SANTA FE – Three deer in southern New Mexico have tested positive for chronic wasting disease, bringing the total number of confirmed CWD-infected deer in the state to 15 since the first infected deer was discovered in 2002.
The Department received test results Wednesday from the state Veterinary Diagnostic Services laboratory in Albuquerque that two wild deer captured near the White Sands Missile Range headquarters east of Las Cruces had tested positive for chronic wasting disease. A third wild deer captured in the small community of Timberon in the southern Sacramento Mountains also tested positive for the disease.
The discoveries of the infected deer were part of the Department’s ongoing efforts to monitor the disease, which to date has been confined to the southern Sacramento Mountains southeast of Cloudcroft and areas surrounding the Organ Mountains near Las Cruces. Two wild elk from the southern Sacramento Mountains tested positive for the disease in December 2005.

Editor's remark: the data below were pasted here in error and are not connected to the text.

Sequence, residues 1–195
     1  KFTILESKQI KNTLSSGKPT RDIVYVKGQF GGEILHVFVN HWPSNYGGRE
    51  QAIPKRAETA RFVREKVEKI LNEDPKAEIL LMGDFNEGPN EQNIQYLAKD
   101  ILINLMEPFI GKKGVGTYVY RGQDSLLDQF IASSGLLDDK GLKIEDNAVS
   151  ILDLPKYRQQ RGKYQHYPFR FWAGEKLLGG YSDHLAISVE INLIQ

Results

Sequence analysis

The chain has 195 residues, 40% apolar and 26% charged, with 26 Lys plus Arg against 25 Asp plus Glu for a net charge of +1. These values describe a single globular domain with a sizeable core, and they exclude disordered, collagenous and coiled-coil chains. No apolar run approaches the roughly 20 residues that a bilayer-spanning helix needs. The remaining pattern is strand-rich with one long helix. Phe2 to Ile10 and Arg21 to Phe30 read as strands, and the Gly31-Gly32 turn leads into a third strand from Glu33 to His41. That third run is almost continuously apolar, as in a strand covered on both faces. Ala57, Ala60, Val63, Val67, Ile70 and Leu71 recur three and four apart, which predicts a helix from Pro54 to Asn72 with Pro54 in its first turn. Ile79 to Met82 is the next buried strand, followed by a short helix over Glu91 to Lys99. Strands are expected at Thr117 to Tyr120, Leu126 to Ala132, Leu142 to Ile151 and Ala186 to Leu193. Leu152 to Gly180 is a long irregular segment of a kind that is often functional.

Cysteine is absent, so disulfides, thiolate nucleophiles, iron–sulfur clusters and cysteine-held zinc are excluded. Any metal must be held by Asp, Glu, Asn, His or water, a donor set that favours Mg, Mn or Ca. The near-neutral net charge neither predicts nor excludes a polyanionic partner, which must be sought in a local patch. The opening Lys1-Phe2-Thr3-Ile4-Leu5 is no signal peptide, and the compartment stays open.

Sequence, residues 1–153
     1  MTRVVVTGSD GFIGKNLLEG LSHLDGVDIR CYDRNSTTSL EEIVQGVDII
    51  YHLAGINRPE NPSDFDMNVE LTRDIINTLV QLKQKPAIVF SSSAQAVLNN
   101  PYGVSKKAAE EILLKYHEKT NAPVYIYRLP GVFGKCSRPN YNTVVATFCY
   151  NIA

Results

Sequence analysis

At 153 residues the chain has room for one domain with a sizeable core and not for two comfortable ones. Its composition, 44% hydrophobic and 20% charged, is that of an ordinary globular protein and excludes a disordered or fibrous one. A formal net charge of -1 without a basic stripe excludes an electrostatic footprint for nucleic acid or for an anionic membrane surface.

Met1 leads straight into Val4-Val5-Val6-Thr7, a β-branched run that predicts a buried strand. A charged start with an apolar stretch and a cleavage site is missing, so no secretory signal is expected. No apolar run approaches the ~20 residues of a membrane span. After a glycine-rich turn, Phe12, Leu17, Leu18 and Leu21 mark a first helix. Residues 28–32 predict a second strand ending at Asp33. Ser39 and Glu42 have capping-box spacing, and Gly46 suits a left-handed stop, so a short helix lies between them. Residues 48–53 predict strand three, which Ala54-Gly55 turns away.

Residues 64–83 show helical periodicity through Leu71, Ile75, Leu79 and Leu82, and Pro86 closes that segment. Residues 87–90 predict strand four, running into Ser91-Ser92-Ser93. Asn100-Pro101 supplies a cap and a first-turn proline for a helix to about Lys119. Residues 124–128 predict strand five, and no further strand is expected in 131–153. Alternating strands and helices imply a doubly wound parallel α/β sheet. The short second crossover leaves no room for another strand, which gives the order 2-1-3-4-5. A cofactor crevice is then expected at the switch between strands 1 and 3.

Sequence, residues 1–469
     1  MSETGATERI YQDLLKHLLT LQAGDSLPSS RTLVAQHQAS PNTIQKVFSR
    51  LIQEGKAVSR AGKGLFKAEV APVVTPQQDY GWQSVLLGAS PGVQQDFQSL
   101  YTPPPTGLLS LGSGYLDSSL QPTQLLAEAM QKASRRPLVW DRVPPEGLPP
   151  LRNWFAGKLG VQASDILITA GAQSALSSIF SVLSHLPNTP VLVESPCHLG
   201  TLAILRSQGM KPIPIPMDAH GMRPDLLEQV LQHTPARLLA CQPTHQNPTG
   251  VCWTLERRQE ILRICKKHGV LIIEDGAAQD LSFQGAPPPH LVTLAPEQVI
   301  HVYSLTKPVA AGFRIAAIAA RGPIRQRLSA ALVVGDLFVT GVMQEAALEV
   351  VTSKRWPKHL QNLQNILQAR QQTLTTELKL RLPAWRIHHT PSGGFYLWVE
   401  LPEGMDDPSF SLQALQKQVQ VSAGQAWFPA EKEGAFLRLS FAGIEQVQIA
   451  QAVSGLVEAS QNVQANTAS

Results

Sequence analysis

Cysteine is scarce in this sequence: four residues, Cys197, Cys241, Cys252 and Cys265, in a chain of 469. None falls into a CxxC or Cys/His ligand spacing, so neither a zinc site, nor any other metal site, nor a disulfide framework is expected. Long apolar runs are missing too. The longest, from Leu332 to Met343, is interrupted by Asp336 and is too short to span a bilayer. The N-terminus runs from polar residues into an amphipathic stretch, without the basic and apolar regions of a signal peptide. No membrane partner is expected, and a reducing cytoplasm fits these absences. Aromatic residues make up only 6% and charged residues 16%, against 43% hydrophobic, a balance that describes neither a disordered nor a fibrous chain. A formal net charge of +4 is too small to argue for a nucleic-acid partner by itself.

Chronic wasting disease is a fatal neurological illness that afflicts deer, elk and moose. There is no evidence of CWD being transmitted to humans or livestock. The disease causes animals to become emaciated, display abnormal behavior and lose control of bodily functions. To date, it has been found in captive and wild deer, elk and moose in eight states and two Canadian provinces.
For more information about CWD in New Mexico and how hunters can assist in research and prevention, please visit the New Mexico Department of Game and Fish Web site, www.wildlife.state.nm.us . More information about CWD also can be found on the Chronic Wasting Disease Alliance site at www.cwd-info.org.